My 26 fordor has small drum brakes. It was replaced at one time, or made that way with leftover 25 parts. Would like to have the larger drum brakes. Are the gears and internal works the same if I was to change the outer housing & brakes? Or what has to be changed?
You'll have to change the outer housings, the radius rods, the brake drums, brake shoes and the brake rods. Internal parts should fit just fine.
The brake rods for 26/27 are bent differently and shorter, so I guess it's possible to thread, shorten and rebend the older rods to fit.
I have seen original pictures of early production '26 cars with small drum rear ends. Why not keep it original and just add some other brakes (Rocky's, disc etc). The small drum AC's work well especially in conjunction with lined small drum shoes. Or make it really safe with front wheel brakes and don't sweat what is on the back.
Check your engine number for a production date. As Les says your car may have come from the factory with small drums and would be original to the car. If more stopping power with an add-on system is your goal there's more options for you to look into than tossing $ at a drum change over. RM's are available for small drum systems. A better investment.
I'm checking in to the AC brakes. Thanks for the input. This forum is great!!
The number 12737437 was made Nov. 1925. So it may have been done with small brakes.
I doubt it came from the factory that way. Although the Fordor did lag behind in Ford's schedule of improvements. The 11" drums were known to exist by early July 1925 and 26 production started in August. More than likely the rear axle assembly was replaced either because the original was damaged or the car is made from parts. Does it have a 26 frame?
Allow me to be slightly sceptical about a november 1925 Fordor to have been built with a small drum rear axle in the US - don't know what was done in Canada. In august OK, maybe the engine has been replaced with a slightly newer?
Well I know I have seen pictures of new cars built in September that had the small drum rear axle. I am sure that big drum axles started to be available in July, but there is no telling when small drum axles were stopped being used. Additionally I have seem 4 1926 Fordor's with small drum axle (owned one of them). I can not recall seeing more than one touring with one. And they sold a LOT more tourings. Now my observations are mostly Canadian cars. Any chance your Fordor is Canadian? The quick check is the "Roberstson" (square recess) head wood screws.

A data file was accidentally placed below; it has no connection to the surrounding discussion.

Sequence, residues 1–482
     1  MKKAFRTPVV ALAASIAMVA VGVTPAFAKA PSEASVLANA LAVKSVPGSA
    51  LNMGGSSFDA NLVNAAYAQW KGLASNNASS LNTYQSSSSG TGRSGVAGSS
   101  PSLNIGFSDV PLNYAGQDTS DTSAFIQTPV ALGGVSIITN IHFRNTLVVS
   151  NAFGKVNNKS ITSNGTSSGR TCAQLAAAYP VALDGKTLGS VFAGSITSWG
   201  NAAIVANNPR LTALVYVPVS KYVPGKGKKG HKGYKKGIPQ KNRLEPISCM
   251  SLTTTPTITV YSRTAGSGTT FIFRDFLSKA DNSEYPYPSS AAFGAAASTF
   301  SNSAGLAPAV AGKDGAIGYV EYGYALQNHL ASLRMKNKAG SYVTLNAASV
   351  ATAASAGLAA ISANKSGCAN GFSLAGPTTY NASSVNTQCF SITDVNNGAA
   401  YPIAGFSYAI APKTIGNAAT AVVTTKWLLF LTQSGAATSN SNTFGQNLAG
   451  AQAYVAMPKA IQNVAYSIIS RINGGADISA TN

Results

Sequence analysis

Does your engine number match the frame number?
No frame numbers before december '25
Luckily then, his car is a '26.
Les, interesting that 26 Ts have sometimes had small drum brakes. You don't mention what size wheels were used. I have seen a number of improved cars, 26 models with large drums but 30 x 3.5" BE wheels. I presumed these were using carryover wheels.
Your sightings are puzzling, as they would suggest the axles were carryover parts. I too am used to Canadian sourced cars.
Allan from down under.
Your 1926 sedan body may have had the frame and running gear swapped out from under it after a crash. My 1927 tudor had a 1923 frame under it with a 1923 small-drum rear end. A clue is the serial number on the left rail under the front floor board. It should match the engine number, or at least be a 1926 number. No number? It's an earlier frame.
It's more likely to find a late FY1925 body from the factory with a large-drum rear end than a 1926 body with a small-drum rear end. Demountable clinch-rim tires were an option in 1926, but cars with them used the large-drum brakes.
I suggest updating your differential. All the internals are the same, and 26/27 differential casings are not hard to find. Let me know if you can't find one. I've got a spare set. The Improved Car brake is vastly superior to the pre-26 units, and it fits a Rocky Mt. setup nicely.
i'm with james, plenty of housings in minnesota.
Basically any T sold in Canada from the factory with a starter had demountable rims. My understanding is you could order a non-starter T in '26 and you got non-demountable rims (the poor mans special). The 30 x 3 1/2 clincher remained popular as service was available everywhere. Remember ALL Canadian T's had been equipped with 30 x 3 1/2 tires until the 21" rim came along. So the easy decision is '25-26 was to go with the clincher rim as tires tubes and service knowhow was available everywhere. Additionally the narrow tires plowed mud and snow better
Consider that in Canada we got many improvements sooner but some things came latter
So Roger is telling us that if his car does NOT have a frame number is was built pre December 25. We know the '26 cars came out by September of '25, so Jerry's comment is meaningless.
Cannot find any frame numbers. So for some reason the frame & diff. had been changed at some time. Guess I'll stay with the smaller brakes & add AC's.
Tire size is 21" rim
Do you have a '26 frame (long rear crossmember and stamped steel running board arms). It appears to be quite reasonable for your car to NOT have a sn on the frame and still be a '26 (built in '25).
Rear crossmember, the one with the rear spring extends out to the inner edge of the wheel well. The running board arms are u shaped stamped steel, instead of rod style.
This adds little of value to the discussion (I'm good at that) but had an interesting thought in regard to Ford "using up leftover parts". One would think that Ford would have had the foresight to use up the "leftover" small drum rear ends on the lighter cars (roadster for example) instead of on the heavier Fordor sedan.
My 26 touring is a december 25 car & it doesn't have frame numbers.